Why Clinton Lost: The Obama Express

July 29, 2008 9:23am CST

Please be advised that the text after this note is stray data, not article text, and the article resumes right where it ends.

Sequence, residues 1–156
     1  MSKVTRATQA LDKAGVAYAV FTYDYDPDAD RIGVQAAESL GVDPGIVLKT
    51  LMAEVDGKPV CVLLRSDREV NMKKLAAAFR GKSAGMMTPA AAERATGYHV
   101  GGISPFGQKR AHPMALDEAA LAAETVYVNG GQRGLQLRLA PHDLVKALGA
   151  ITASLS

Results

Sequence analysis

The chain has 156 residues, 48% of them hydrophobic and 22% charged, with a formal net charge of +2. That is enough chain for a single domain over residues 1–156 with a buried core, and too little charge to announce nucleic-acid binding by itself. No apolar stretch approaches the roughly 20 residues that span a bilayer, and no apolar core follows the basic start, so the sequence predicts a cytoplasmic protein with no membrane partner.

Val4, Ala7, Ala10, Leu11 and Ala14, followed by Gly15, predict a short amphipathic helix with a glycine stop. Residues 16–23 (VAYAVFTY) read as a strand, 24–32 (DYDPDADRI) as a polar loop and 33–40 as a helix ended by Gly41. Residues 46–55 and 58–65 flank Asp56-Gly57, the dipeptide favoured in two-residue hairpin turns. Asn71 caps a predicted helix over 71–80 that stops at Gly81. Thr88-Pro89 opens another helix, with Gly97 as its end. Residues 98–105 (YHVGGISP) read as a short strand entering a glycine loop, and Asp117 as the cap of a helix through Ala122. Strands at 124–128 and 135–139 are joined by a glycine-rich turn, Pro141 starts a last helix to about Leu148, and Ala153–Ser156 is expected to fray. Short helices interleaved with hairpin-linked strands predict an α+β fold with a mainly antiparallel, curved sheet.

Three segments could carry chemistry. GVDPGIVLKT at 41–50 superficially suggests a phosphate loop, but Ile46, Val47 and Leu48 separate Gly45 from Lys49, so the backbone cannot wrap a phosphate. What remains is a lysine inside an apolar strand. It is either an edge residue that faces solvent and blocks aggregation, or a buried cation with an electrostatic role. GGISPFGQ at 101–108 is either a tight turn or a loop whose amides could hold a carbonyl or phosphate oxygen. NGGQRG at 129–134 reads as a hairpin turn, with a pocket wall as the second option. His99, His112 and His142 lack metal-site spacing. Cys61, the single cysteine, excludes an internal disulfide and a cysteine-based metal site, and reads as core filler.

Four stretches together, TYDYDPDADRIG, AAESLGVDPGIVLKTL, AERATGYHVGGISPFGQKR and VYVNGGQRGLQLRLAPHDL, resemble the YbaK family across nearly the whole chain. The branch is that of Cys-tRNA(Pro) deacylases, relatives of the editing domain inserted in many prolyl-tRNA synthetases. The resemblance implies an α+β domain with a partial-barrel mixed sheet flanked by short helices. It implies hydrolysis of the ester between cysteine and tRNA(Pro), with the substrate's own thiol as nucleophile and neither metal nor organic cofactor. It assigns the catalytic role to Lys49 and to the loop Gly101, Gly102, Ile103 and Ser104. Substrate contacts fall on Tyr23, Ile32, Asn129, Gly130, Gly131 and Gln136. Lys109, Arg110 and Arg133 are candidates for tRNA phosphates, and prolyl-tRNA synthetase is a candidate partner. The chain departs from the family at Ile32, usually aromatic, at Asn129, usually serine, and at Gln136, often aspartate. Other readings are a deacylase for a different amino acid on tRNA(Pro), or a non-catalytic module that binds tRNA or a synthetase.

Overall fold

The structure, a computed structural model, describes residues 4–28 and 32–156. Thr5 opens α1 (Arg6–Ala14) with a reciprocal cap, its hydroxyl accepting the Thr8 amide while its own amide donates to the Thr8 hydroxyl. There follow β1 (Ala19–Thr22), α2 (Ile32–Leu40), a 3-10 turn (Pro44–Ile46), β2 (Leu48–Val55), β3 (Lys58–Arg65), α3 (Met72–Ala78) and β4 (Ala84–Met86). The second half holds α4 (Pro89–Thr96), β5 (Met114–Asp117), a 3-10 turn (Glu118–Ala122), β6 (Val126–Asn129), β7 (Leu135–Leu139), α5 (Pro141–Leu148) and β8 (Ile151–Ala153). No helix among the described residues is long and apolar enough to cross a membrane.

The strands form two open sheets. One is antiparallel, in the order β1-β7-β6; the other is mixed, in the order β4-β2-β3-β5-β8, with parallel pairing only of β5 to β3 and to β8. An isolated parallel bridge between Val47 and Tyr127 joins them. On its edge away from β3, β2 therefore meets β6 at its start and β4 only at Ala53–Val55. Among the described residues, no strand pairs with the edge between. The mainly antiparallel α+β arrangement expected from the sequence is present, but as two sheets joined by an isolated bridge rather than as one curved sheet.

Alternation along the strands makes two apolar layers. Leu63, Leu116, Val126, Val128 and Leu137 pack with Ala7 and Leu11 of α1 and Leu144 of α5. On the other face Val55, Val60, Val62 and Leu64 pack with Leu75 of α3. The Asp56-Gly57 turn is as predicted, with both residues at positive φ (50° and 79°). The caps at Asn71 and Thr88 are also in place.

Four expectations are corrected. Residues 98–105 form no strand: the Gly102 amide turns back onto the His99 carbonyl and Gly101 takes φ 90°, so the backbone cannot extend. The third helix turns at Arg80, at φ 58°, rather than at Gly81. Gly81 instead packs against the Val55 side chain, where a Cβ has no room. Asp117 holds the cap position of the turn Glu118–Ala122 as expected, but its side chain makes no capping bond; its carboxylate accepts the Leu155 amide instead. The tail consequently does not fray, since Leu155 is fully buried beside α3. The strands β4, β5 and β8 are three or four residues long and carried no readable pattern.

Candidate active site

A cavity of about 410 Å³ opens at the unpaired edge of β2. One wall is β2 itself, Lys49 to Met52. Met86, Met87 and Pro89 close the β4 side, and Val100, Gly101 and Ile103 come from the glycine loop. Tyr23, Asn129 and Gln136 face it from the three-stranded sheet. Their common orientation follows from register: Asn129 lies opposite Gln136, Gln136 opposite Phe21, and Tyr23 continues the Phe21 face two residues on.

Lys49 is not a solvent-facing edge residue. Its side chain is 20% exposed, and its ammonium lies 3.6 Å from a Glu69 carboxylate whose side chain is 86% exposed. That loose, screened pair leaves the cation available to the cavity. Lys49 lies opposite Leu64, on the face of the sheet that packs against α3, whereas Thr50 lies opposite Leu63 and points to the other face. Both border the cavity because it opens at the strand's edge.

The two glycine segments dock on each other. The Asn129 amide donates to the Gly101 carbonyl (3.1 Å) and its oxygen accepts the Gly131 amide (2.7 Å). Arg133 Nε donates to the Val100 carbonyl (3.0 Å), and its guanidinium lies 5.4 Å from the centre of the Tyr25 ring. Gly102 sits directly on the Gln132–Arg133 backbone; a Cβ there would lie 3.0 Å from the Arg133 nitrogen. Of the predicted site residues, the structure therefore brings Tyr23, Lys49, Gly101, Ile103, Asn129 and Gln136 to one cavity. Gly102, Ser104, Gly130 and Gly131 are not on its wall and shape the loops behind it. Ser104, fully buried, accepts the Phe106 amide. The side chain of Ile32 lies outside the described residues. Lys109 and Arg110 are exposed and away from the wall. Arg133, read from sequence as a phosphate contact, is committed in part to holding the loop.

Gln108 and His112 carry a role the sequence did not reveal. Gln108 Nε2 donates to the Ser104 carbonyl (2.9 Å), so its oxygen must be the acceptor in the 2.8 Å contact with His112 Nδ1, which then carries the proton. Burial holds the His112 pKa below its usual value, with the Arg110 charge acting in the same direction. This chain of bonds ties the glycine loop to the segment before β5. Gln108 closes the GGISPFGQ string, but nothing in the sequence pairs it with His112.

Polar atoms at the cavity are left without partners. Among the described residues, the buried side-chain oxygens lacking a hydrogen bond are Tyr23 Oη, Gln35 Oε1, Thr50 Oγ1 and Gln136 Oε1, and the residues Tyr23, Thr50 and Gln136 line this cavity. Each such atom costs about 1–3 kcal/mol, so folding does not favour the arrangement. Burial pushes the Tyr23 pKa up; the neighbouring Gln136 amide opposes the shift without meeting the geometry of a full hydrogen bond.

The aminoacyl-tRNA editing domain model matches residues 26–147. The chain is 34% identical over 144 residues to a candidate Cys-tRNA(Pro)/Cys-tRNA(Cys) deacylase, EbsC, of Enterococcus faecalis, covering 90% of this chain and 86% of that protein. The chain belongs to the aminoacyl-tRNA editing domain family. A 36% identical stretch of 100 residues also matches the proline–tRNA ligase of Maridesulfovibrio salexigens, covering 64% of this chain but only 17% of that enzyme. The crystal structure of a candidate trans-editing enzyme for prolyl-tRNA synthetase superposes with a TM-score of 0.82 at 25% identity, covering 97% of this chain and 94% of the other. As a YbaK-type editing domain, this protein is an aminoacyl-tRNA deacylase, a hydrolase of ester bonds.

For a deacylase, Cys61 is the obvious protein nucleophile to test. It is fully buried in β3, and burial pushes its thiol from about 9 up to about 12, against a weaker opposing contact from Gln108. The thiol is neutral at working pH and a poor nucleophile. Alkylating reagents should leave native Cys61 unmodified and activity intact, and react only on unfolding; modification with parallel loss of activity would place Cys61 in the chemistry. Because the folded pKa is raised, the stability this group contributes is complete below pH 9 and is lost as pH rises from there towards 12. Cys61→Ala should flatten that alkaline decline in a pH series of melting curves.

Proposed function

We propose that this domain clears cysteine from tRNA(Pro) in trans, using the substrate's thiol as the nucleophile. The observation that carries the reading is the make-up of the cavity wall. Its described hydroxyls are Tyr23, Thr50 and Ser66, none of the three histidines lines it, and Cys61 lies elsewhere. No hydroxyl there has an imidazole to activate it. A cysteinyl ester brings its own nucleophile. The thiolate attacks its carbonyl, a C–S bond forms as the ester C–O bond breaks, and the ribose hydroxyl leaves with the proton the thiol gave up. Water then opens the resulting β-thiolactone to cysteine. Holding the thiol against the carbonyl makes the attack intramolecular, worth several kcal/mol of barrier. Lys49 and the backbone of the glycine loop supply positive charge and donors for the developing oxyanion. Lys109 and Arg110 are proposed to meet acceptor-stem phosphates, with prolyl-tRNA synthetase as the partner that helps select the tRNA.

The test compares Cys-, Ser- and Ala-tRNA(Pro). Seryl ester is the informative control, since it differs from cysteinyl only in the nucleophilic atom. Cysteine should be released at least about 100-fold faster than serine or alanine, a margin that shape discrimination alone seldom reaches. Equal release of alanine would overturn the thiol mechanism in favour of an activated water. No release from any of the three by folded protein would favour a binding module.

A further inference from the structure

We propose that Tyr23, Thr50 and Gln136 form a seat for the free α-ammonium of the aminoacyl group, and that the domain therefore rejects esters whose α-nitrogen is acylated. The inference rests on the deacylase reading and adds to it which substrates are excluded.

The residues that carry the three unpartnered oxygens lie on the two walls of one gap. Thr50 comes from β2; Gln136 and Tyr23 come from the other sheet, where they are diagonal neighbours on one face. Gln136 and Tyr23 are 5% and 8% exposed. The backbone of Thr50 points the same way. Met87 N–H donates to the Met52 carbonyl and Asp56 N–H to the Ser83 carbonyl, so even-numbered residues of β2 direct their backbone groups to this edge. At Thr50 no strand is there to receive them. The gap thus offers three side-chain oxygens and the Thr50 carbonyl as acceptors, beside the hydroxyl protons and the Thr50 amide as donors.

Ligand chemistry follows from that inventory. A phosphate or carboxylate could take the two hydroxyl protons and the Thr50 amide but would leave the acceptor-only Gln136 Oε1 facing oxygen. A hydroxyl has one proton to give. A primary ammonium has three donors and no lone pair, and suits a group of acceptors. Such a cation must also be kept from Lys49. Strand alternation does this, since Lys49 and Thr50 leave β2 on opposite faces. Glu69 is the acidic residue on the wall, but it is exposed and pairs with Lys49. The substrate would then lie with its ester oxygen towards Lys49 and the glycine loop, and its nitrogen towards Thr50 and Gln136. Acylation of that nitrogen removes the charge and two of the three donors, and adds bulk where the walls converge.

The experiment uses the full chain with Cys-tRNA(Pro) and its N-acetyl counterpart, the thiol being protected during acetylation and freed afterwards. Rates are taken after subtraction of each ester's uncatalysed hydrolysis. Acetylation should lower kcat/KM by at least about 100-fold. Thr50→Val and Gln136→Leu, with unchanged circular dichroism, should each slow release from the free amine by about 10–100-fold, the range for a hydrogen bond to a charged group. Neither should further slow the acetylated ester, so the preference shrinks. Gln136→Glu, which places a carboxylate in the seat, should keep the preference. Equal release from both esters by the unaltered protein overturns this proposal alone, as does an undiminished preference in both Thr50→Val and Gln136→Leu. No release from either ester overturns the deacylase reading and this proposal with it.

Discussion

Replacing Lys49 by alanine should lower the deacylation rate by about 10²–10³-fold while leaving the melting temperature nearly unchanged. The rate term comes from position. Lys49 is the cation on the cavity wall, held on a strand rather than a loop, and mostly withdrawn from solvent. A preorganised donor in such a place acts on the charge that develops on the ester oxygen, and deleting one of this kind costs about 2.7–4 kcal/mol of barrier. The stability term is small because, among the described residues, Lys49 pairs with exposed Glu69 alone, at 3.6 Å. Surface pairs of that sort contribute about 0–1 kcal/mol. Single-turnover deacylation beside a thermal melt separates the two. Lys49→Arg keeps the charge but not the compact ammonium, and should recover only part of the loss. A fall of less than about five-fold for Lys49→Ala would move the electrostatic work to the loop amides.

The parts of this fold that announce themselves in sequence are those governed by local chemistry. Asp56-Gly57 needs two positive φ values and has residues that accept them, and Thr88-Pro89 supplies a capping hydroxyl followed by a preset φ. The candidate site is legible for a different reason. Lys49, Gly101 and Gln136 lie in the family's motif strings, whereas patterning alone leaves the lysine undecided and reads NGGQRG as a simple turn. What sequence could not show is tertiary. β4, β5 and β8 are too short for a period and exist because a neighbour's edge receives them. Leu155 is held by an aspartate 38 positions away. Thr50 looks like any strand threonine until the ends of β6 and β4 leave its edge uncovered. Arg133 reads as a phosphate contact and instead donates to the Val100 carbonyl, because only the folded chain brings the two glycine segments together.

To this point, a good bit of the focus of our symposium has been on the reasons Hillary Clinton lost the 2008 Democratic nomination, as opposed to the reasons Barack Obama won it. This makes sense, in a way. From an analytical standpoint, it's probably best to focus on the tactical mistakes of the past, rather than the tactical successes. My father was a leading academic in the field of technology and operations management; he first became well known for a 1984 paper which posited that it is best to study "things gone wrong" on the factory floor, on the assumption that things that go well are already understood. So it is, in a sense, with the Obama and Clinton campaigns. We can point rather easily to Obama's most striking successes; no Democratic presidential candidate in the near future, for example, will underplay the importance of caucus states in their election strategy. Nevertheless, I think that it's somewhat difficult to analyze Clinton's downfall, without studying vis-a-vis the successes of her former opponent. So I'm going to pose the question of just how difficult, or even impossible, Obama's own strengths as a candidate and strategist made Clinton's ultimate victory. Put another way: amid all the talk of Clinton's inevitability, was Obama the unstoppable one all along? Some of you probably think that's a silly question to even ask, and I understand why. Despite Obama's political blessings manifold, Hillary Clinton had the kind of institutional support and engendered the kind of unswerving loyalty in such a broad base of supporters that only the best of candidates could have overcome her advantages. Nevertheless, it is clear that Barack Obama is a genuine phenomenon, the greatest phenomenon in the party since at least Bill Clinton (and I seriously doubt that that has escaped the attention of Clinton himself). He has been a major factor in spurring Democratic primary turnout to record numbers (although Hillary Clinton and frankly George W. Bush deserve some credit for that too). He has raised astonishing amounts of money from astonishing numbers of individual donors. We've all seen the crowds large enough to fill football stadiums, the lines at school auditoriums wrapping three times around the block, all holding their breath for a glimpse of Barack Obama. We've all borne witness to the passion he engenders even in people who have not been especially political for most of their lives. I was in college in Illinois, watching Obama's Senate race, when he burst onto the national political scene in 2004 with his now-legendary speech at the 2004 Democratic convention. Being on an Illinois college campus for Obama's birth as a political rock star was a political experience unlike any I'd seen. I got back for fall quarter in 2004 and the Obama buttons, stickers and signs were everywhere, rivaling even the Kerry stickers for prominence. Because of his victory that fall, and Kerry's loss, Obama became the most popular politician on campus even before he took office in the U.S. Senate; he enjoyed such widespread adulation that it was almost off-putting (in the way that you're almost annoyed when an indie band you know and love suddenly hits it big, and then everybody and his brother has their T-shirt). On paper, it's difficult to draw up a more appealing candidate than Barack Obama. He is young, attractive, extremely intelligent and well-spoken, and has a fascinating variety of life experiences. Furthermore, his youth and relatively recent appearance on the national scene (though coupled with a very prominent national profile) left Obama in a uniquely strong position to position himself as a "change candidate", in a year when the electorate was desperate for anything other than what we've seen since Newt Gingrich became Speaker of the House. Kos wrote "If Obama runs, he wins" in 2006. When Obama started to seriously consider running for the presidency, I myself assumed that he would be the nominee if he wanted to be (I didn't start to support Hillary Clinton until late summer 2007). I figured that Obama was the most charismatic figure in the party, had the largest and most flexible established following, and represented an obvious and appealing change from the last six years. So I think that while several mistakes were made by the Clinton campaign, it's entirely possible, even probable, that Hillary Clinton would be the Democratic nominee today, four elections out of five. It so happens that this time, she went up against a candidate kissed by the gods, and even so, we saw a historically close result in the Democratic primary. As georgia10 wrote earlier, it's arguable that the greatest failure of the Clinton campaign was to fail to recognize (or alternatively, to dismiss) the genuine movement that was Obama 2008. I'm not so sure. To me, the story of the Clinton campaign since the Iowa loss has been an effort to contain that movement, whether by publicly dismissing it, or by galvanizing other parts of the electorate by pursuing a demographic-oriented strategy, or by publicly dismissing the impact of Obama's victories in smaller states by claiming victory in larger ones. You know, all the things that drove you crazy about the Clinton campaign if you're an Obama supporter. All of them, I suspect, were reactive to having confronted the scope and depth of the Obama movement and trying desperately to minimize its impact. I think that since Iowa, the Clinton campaign has been quite aware that they were up against a behemoth they could not control. They have used almost every strategy in the book to try and contain that behemoth, and they came damned close to so doing, but ultimately, not even a candidate with the strength and support of Hillary Rodham Clinton could contain the Obama phenomenon. How long has the campaign been out of Clinton's control? Since Super Tuesday? Since South Carolina? Since Iowa? I don't know, although I'd say that given her early decision to abandon caucus states to Obama (she figured she'd never need them, and that was probably the most critical mistake her campaign made), her last real chance to win the primary was on Super Tuesday. She had many chances to win this race; hell, if she'd voted against the IWR initially, there wouldn't have been much of a 2008 race in the first place. Still, I seriously doubt that Hillary Clinton would not be the nominee today, if anyone other than Barack Obama had been her primary opposition. As many of you probably know, I was an avowed supported of Hillary Clinton (which is interesting, because if you look at my profile as a young, well-educated, politically active, ethnic minority liberal male, I should by all rights be Obama's core voter). I supported Clinton more out of what I envisioned her presidency to be, rather than what I saw out of her as a candidate. That is how she sold herself, too, from the beginning of her campaign; she was a future president first, a candidate second. Generally, it may be a bad strategy to do this. But against someone like Barack Obama, almost no one in the world will ever be the stronger "candidate". So in a sense, perhaps Hillary Clinton made the only smart play in crafting her campaign strategy-she sold what she had to sell, and it just didn't work out. Was Obama unstoppable? Certainly not. But Clinton's loss is, I think, as attributable to a freakish set of circumstances (the presence of an exceptional candidate uniquely well positioned to present himself as an agent of change in an election in which the nation was begging for change), as to any mistakes made by her campaign team (and there were several, as the other front-pagers have written today). She could have won this race, of course she could have, and she nearly did. But I think it's an open question whether Hillary Clinton lost this election, ultimately, or whether Barack Obama won it.